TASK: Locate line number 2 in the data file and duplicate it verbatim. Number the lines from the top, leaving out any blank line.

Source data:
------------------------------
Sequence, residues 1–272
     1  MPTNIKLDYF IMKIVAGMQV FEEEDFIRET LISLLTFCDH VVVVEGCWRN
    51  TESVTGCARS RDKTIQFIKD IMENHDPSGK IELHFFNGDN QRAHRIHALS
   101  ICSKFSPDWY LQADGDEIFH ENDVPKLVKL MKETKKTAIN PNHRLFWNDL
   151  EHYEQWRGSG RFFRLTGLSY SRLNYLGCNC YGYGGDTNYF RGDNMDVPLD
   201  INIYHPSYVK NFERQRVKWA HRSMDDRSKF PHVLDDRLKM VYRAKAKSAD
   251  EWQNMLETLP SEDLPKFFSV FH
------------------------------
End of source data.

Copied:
     1  MPTNIKLDYF IMKIVAGMQV FEEEDFIRET LISLLTFCDH VVVVEGCWRN